The regime of racism in South Africa was maintained not only by brutality—guns, violence, restrictive laws. It was upheld by elaborately extensive silencing of freedom of expression. The Suppression of Communism Act of 1950 had definitions of communism that were vastly inclusive. What was forbidden included advocacy of industrial, political, economic, and social change.
In 1982 an updated version of the Suppression of Communism Act, the Internal Security Act, was passed, which banned the African National Congress and the Pan African Congress along with the South African Communist Party. It retained almost all of the previous definitions of what was forbidden.
The Publications and Entertainments Act of the apartheid regime banned thousands of newspapers and books in South Africa from 1950 to 1990. The works of world-famous writers, including D.H. Lawrence, Richard Wright, Henry Miller, and Vladimir Nabokov, were prohibited along with the novels and nonfiction works of South African writers, including Todd Matshikiza, Bloke Modisane, Ezekiel Mphahlele, Lewis Nkosi, André Brink, Can Themba, and three of my own novels. Among the taboo subjects of everyday life was sexual relations between white and black. In the 1970s the films Jesus Christ Superstar, A Clockwork Orange, and The Canterbury Tales were prohibited.
In the new South Africa that was reborn in the early 1990s, with its freedom hard-won from apartheid, we now have the imminent threat of updated versions of the suppression of freedom of expression that gagged us under apartheid. The right to know must continue to accompany the right to vote that black, white, and any other color of our South African population could all experience for the first time in 1994. But since 2010 there have been two parliamentary bills introduced that seek to deny that right: the Protection of State Information Bill and the Media Tribunal.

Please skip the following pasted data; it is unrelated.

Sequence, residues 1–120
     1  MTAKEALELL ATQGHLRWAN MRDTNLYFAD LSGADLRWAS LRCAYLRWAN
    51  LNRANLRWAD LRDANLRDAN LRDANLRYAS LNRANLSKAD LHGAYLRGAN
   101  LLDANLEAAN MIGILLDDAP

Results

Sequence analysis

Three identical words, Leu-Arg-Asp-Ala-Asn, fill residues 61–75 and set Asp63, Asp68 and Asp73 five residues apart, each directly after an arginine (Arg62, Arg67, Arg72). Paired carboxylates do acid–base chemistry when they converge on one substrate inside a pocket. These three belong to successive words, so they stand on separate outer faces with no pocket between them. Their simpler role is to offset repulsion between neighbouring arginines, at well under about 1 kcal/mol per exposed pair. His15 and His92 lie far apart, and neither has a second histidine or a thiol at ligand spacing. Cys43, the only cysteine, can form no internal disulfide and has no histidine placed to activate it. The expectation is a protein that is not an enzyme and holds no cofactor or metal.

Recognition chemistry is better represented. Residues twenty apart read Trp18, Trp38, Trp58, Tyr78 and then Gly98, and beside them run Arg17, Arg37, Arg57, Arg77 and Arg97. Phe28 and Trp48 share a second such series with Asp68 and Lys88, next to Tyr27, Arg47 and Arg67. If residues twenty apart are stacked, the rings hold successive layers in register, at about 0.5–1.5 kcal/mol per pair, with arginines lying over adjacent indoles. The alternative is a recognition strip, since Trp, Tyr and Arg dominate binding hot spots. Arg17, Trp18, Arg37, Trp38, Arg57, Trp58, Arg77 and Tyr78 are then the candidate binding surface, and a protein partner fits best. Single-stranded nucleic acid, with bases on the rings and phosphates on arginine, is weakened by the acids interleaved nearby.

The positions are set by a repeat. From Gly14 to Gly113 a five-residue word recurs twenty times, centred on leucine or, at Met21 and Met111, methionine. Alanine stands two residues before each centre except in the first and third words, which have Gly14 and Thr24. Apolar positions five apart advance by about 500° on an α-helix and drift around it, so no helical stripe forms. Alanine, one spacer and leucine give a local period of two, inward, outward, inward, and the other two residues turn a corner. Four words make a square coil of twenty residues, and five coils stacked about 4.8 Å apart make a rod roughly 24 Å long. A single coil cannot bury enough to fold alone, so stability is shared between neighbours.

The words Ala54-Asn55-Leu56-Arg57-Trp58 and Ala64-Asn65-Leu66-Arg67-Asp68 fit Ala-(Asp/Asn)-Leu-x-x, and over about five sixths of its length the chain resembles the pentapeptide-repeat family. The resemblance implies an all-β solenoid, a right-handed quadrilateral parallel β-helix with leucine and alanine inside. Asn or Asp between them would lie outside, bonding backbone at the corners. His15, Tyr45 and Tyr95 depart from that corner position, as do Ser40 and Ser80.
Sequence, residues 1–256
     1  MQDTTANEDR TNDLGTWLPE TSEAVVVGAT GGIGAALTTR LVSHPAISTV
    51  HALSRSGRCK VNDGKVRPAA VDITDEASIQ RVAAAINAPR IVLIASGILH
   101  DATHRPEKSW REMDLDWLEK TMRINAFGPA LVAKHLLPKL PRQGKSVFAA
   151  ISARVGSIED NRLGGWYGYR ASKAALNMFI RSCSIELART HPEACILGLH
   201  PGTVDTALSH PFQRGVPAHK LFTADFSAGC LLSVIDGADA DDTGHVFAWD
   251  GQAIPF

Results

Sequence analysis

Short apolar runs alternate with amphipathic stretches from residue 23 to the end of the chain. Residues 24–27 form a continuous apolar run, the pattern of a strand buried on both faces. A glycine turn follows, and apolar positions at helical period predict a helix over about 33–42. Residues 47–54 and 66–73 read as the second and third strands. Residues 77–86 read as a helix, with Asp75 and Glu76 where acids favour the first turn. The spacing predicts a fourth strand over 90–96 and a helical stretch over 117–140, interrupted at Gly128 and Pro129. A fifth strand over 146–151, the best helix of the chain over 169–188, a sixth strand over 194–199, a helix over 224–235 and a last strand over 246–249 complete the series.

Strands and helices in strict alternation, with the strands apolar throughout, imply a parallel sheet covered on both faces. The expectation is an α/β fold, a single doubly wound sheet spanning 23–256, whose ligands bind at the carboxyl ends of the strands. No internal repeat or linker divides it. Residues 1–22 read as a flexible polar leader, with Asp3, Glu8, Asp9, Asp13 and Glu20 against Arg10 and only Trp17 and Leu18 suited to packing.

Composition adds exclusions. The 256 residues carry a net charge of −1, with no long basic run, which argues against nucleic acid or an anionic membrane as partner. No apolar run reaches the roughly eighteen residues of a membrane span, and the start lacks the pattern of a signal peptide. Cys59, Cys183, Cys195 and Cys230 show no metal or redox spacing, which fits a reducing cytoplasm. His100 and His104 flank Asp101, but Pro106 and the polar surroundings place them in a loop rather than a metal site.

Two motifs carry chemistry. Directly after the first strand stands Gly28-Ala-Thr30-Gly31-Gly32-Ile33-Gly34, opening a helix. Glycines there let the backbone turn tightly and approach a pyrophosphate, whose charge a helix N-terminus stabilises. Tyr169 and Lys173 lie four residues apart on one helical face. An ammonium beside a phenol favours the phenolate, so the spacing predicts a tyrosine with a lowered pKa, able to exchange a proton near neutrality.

The Media Tribunal is intended to apply to members of the press, both journalists and newspaper owners. It questions the powers of the press’s existing ombudsman and the Press Code (both of which can already be used to challenge whether an article should be published). If established, the tribunal will require journalists to submit to it the subjects they intend to investigate or have investigated and will write about. They must inform the tribunal of these subjects so it can decide whether they pose a threat to state security.
The subjects they must submit to the tribunal are not confined to obvious matters such as defense; military information is already protected by the Constitution from disclosure. Under the new tribunal, any government official, of whatever rank, may charge that the gathering of information pertaining to his or her activity should be an offense.
Moreover, there is an additional gag that can be used to shut any citizen’s mouth, as well…
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